Today, July 12, 1780: Patriots Defeat British Loyalists at Battle of Huck’s Defeat

By early 1780, the British and British Loyalists had control over most of the South Carolina back country. The general attitude of the people was that the British were going to win the Revolutionary War, so many just accepted the fate of remaining under British rule and stopped fighting.

British troops and Loyalists occupied much of what is today York and Chester Counties in South Carolina. They captured Charleston in May, 1780. They established a fortified post at Rocky Mount where it overlooked where Rocky Creek flows into the Catawba River. The fort was commanded by British Lieutenant Colonel George Turnbull and home to about 150 soldiers.

Under Turnbull’s command was Captain Christian Huck who led Loyalist New York volunteers and some British dragoons and light cavalry. Huck was a German lawyer from Philadelphia who hated the Scottish-Irish Presbyterians who made up much of the population of the South Carolina back country.

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Yet, not everyone in the back country had succumbed to British rule and continued to resist the tyranny of the Crown. Two of the Patriot rebel leaders were Colonel William Bratton and Captain John McClure.

On July 10, 1780, Huck set out from Rocky Mount with about 115 Loyalist troops. Their goal was capturing Bratton and McClure.

On July 11, 1780, Huck and his troops arrived at Bratton’s plantation. He threatened the life of Bratton’s wife, trying to force her to reveal the location of her husband, but she remained steadfast and never divulged her husband’s whereabouts. Someone loyal to Bratton managed to slip away and inform Bratton of what was going on.

As Huck and his troops camped for the night at the Bratton plantation, now known as Brattonsville, and neighboring plantation of James Williamson, Bratton and his Patriots rode through the night and arrived early the next morning.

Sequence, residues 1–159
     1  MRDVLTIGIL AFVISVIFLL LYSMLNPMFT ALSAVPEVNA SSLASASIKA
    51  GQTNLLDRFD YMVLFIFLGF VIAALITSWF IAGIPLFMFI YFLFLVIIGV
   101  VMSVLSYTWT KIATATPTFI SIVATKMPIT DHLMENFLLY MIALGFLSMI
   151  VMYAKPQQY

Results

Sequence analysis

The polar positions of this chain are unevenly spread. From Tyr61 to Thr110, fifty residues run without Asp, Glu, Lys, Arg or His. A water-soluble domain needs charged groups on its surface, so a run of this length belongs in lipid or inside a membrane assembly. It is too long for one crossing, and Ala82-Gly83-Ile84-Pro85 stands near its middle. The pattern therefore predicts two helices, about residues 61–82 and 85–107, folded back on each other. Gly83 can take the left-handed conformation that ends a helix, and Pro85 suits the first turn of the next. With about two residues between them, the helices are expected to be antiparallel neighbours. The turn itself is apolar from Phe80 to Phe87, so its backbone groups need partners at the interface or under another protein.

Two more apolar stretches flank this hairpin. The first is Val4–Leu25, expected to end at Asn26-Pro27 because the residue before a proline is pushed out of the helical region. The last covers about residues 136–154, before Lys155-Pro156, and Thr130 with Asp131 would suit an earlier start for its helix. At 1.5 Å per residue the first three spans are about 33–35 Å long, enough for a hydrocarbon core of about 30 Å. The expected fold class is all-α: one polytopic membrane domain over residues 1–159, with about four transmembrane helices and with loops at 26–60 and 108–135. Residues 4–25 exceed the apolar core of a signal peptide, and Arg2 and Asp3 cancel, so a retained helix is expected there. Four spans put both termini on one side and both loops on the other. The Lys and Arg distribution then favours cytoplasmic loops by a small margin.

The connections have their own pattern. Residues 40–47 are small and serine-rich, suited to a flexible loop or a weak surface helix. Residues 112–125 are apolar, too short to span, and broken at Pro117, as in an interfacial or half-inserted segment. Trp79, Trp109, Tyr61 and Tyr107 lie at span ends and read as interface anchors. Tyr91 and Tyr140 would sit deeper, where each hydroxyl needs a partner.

On this day July 12, 1780, Bratton and his troops launched a surprise attack at dawn, against Huck’s forces. Reports vary on the number of troops Bratton had, but their victory was swift and decisive. The Patriots suffered 1 dead, 1 wounded and 1 captured while Huck’s Loyalists suffered 35 killed including Captain Huck, 30-50 wounded and nearly 30 captured.

The small South Carolina skirmish proved to be an important battle in the Revolutionary War. The Patriot victory restored hope and morale among many South Carolina back country Patriots. Many of them rallied around the Patriot leaders and helped to defeat Loyalists and British troops at the battles of King’s Mountain in October 1780 and Cowpens in January 1781. The tide of the war in the south was turned away from the British and helped to lead to the ultimate Patriot victory and America’s independence.


Sources for the above includes: Battle of Huck’s Defeat; The Battle of Williamson’s Plantation; The Battle of Huck’s Defeat; Battle of Huck’s Defeat; The Battle of Huck’s Defeat; The Battle of Williamson’s Plantation (Huck’s Defeat)


Dave Jolly

R.L. David Jolly holds a B.S. in Wildlife Biology and an M.S. in Biology – Population Genetics. He has worked in a number of fields, giving him a broad perspective on life, business, economics and politics. He is a very conservative Christian, husband, father and grandfather who cares deeply for his Savior, family and the future of our troubled nation.

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